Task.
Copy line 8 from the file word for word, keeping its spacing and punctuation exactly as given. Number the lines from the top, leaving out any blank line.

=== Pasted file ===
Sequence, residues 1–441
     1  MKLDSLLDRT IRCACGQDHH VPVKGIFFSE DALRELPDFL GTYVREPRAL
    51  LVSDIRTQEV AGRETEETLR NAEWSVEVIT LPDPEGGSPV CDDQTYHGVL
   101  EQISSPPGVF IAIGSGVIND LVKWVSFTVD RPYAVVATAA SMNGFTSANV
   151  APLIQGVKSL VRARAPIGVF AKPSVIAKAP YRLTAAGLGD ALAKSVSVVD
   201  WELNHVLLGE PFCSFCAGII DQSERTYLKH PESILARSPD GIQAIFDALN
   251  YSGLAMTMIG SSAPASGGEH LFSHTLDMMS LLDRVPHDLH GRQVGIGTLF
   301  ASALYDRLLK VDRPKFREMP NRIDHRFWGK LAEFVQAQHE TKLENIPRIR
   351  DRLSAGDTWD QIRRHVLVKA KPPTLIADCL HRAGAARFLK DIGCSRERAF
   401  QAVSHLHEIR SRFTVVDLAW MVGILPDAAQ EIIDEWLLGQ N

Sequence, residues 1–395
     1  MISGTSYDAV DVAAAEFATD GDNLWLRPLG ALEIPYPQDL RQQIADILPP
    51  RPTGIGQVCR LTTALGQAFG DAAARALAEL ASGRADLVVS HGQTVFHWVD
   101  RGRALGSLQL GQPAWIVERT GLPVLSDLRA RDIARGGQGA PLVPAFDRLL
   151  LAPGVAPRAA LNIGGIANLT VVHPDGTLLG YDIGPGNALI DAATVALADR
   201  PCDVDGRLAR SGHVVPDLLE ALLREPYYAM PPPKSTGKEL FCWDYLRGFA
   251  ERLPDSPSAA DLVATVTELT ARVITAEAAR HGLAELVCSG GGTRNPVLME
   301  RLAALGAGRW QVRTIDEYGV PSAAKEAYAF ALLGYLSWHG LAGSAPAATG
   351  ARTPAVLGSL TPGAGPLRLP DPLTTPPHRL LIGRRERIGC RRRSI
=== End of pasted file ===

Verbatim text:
   301  ASALYDRLLK VDRPKFREMP NRIDHRFWGK LAEFVQAQHE TKLENIPRIR